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Cancer Society daffodil campaign blooms in April
Daffodils have been a bit slow in coming this year in B.C. By April, they are usually poking their heads out of the ground everywhere.
Even if daffodils are a bit slower than normal to poke their heads out of the ground, you are sure to see them blossoming everywhere in the province this month.
At least on people’s lapels, that is. Daffodils are the symbol for the Canadian Cancer Society’s annual April campaign to raise funds for cancer research, support programs and services to support people living with cancer, their families and caregivers and advocating about important health and cancer issues
“The daffodil pin is a bright and hopeful emblem that says we’re all in this together and we won’t give up until all forms of the disease are defeated,” said Randene Wejr, the Southern Interior director for the Canadian Cancer Society.
Through April, volunteers will be knocking on doors and out in malls, reminding folks to buy and wear a pin to show support for those fighting cancer.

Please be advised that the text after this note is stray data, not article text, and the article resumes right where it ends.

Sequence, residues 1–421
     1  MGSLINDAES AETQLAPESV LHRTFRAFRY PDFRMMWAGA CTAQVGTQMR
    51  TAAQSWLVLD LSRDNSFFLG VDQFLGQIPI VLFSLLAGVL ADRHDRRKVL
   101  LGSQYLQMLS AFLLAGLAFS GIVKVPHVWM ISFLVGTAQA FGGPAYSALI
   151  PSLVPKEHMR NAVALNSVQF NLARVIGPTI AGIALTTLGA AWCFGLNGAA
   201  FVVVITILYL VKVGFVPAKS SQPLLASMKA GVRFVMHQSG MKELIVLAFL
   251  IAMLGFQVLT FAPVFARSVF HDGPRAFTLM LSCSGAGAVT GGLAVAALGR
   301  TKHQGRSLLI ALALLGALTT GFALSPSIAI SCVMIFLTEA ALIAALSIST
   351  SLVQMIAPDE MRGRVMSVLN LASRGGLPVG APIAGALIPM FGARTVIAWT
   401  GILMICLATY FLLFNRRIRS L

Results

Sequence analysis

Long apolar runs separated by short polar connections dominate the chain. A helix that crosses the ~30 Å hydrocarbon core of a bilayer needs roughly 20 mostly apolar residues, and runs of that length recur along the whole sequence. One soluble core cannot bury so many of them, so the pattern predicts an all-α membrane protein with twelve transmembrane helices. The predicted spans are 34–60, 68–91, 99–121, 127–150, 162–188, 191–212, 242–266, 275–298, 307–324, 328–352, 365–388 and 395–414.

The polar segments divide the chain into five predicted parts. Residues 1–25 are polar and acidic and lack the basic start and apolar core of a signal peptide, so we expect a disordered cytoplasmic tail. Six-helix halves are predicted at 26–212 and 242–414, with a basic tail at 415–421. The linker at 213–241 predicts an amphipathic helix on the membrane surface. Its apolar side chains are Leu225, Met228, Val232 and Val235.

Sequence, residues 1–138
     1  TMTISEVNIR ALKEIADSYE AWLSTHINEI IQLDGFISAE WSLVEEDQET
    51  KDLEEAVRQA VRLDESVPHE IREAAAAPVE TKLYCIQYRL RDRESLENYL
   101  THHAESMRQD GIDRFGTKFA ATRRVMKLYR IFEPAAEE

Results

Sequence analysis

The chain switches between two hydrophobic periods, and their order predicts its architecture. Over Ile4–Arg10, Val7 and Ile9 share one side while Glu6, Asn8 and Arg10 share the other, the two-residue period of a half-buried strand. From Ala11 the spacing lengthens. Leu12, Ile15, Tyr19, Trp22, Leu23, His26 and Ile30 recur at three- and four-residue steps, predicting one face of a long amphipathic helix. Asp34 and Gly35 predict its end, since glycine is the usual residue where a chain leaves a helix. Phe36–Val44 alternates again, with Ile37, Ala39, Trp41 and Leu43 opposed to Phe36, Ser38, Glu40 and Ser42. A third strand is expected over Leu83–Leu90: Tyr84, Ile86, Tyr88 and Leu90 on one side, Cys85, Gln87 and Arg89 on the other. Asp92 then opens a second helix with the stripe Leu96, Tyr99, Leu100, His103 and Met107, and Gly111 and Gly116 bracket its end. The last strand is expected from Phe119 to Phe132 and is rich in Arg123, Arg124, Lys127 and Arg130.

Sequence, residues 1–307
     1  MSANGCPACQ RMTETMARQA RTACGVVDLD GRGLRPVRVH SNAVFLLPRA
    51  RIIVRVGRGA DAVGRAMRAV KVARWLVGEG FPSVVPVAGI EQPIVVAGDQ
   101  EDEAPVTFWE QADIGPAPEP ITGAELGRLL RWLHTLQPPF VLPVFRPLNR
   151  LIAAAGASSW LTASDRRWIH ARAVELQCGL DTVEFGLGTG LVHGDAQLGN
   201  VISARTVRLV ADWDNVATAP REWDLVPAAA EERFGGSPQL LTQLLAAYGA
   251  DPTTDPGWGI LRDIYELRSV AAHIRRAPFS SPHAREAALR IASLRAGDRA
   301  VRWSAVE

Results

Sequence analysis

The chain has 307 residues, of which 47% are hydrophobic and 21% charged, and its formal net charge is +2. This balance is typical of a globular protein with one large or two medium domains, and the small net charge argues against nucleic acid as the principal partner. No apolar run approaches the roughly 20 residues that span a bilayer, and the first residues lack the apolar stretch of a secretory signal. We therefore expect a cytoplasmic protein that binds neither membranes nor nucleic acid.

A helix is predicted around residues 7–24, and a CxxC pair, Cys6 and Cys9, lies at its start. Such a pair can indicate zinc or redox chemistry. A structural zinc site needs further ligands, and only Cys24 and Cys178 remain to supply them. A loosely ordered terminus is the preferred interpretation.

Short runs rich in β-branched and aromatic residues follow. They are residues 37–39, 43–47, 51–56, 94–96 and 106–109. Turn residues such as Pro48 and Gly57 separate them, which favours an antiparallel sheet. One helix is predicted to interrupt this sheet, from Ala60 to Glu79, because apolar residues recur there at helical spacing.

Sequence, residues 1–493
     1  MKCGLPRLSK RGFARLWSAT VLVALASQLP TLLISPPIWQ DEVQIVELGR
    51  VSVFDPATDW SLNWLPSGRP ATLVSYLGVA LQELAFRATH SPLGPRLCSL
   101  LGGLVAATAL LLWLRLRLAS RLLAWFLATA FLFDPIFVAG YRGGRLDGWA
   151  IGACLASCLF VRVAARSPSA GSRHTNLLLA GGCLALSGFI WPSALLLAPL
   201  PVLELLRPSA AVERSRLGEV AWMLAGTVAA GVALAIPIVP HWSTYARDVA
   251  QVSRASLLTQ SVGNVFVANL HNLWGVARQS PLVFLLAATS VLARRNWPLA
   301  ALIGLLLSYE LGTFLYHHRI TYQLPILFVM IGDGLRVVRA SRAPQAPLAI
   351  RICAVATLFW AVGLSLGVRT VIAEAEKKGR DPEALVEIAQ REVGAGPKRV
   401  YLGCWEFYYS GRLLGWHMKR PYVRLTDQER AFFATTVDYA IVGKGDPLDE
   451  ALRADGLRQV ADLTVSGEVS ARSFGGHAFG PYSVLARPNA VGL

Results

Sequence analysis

And if you would like to donate your time as well, Wejr said a small contribution of your time can make a big difference.
If you’re interested in volunteering for the Canadian Cancer Society please call the local office at 250-490-9681 or go to cancer.ca and click Join the Fight.
The annual relay for life in June might seem far off yet, but local organizers have already started the ball rolling on that front as well and set their fundraising target.
Local organizer Chantel Reems said since this is the 10th anniversary of the relay in Penticton, they’ve set a lofty goal.
“It’s a pretty big year, pretty monumental in Penticton. Our committee has decided we are going to try to raise $100,000 in honour of that,” said Reems.
“And if they do, these lovely locks here are going to be shaved off.”
Last year, the relay raised $74,000; Reems said the best year was about six years ago when they topped $86,000.
“It is a bit lofty but towns much smaller than ours, like Cranbrook, take that number and blow it out of the water. They sit at $110,000 annually in Cranbrook. So really, in a town the size of Penticton we should be able to meet this goal,” said Reems.
Relay for Life takes place on June 14 at the Penticton Secondary School track.
It’s a 12-hour relay, running overnight from 6 p.m. to 6 a.m.
“Teams are encouraged to raise a minimum of $100, but if we are going to make that $100,000 you might have to go more like $200. But I think we can do it,” said Reems.